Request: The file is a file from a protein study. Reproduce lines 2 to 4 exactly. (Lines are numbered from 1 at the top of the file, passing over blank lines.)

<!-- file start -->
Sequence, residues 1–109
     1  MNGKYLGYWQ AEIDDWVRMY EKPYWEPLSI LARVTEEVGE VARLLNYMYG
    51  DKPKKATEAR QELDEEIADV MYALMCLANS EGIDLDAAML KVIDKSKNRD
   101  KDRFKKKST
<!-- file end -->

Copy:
     1  MNGKYLGYWQ AEIDDWVRMY EKPYWEPLSI LARVTEEVGE VARLLNYMYG
    51  DKPKKATEAR QELDEEIADV MYALMCLANS EGIDLDAAML KVIDKSKNRD
   101  KDRFKKKST